“We don’t want to misrepresent things, and with CBD oil, it is getting misrepresented,” says Dr. Mitchell. “When people say this works for ADHD, this is going way beyond the data. That’s too big of a leap.”

Weeding out the truth: can cannabis improve Huntington’s?

What can individual experiences with cannabis tell us about Huntington’s disease?

By Dr Michael Flower February 24, 2017 Edited by Professor Ed Wild

Cannabis, or medical marijuana, has been touted as a treatment for lots of conditions, and Huntington’s disease is no exception. Whenever it hits the news there’s a lot of interest, and recently cannabis found the spotlight again with videos claiming it can reverse the nerve cell damage in Huntington’s disease. These are extraordinary assertions that deserve to be explored.

What is cannabis?

It’s a plant, originally from Asia and India, that’s been known for thousands of years to have effects on the human brain. Many cultures have used it medically and recreationally. It’s psychoactive, which means that when taken – for example, by smoking its leaves – it alters the way our mind perceives things, characteristically inducing relaxation and euphoria, but it can also cause anxiety and paranoia.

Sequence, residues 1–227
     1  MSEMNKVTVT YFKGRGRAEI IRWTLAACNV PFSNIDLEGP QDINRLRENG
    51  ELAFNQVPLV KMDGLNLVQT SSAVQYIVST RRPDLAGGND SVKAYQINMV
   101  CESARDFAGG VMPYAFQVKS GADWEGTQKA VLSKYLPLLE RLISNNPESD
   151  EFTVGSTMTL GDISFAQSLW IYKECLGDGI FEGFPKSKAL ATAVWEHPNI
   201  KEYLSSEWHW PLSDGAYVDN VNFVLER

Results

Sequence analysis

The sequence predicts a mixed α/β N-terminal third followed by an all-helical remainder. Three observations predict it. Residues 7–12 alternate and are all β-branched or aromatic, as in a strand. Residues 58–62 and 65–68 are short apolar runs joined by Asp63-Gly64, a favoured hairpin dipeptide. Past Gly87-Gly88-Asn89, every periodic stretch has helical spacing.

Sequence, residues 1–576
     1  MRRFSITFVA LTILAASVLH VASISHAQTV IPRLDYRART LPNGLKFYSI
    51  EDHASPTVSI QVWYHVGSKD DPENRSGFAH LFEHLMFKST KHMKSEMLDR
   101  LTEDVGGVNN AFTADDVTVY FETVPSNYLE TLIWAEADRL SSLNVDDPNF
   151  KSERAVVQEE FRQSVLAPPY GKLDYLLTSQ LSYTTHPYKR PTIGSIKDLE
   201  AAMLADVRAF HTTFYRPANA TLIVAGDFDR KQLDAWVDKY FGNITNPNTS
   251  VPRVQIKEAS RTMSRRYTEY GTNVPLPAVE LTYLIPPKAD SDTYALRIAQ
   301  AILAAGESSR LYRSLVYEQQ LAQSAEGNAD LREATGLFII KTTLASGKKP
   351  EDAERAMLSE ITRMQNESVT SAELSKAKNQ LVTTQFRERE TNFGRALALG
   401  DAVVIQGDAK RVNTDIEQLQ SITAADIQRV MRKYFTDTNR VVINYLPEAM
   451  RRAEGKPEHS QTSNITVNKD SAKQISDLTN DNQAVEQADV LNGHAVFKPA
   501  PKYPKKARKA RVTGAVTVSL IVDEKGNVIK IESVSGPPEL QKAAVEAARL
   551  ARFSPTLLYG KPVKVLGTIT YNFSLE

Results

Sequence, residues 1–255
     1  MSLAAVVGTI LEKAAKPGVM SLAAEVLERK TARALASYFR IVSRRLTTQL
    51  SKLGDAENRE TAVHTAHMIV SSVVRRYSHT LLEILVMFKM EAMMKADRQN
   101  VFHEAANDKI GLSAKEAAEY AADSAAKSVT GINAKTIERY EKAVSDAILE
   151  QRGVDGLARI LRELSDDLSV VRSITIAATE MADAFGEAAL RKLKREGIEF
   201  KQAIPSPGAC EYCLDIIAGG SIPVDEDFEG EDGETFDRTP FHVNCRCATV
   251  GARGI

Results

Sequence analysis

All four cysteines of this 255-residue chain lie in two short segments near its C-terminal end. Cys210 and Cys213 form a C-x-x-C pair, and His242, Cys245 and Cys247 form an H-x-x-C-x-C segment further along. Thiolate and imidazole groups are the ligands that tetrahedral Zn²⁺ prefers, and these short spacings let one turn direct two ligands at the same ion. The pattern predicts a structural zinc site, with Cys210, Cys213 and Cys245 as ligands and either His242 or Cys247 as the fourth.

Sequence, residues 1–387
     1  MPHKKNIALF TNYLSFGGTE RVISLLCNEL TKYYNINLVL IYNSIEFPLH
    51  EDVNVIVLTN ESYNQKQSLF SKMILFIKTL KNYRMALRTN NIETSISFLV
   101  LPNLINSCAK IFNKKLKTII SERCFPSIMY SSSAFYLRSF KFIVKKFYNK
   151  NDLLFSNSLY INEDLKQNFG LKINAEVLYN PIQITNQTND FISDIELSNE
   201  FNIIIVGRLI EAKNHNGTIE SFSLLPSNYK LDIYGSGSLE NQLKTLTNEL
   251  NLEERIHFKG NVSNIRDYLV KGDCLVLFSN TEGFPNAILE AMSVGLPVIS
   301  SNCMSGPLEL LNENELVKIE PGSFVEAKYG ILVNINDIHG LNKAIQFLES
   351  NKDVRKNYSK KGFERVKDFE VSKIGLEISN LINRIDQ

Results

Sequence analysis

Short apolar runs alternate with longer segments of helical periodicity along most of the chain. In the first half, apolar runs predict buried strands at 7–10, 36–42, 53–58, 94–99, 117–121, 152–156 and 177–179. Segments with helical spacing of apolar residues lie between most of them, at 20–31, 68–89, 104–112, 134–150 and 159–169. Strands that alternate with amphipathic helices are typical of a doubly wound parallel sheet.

Whether in synthetic or natural form, there is no proper scientific evidence that cannabis helps Huntington’s disease patients

It wasn’t until the 1940s that we discovered the active ingredients, which are oily chemicals called cannabinoids. Other plants make cannabinoids too, including some herbal teas, truffles and even cocoa.

How it works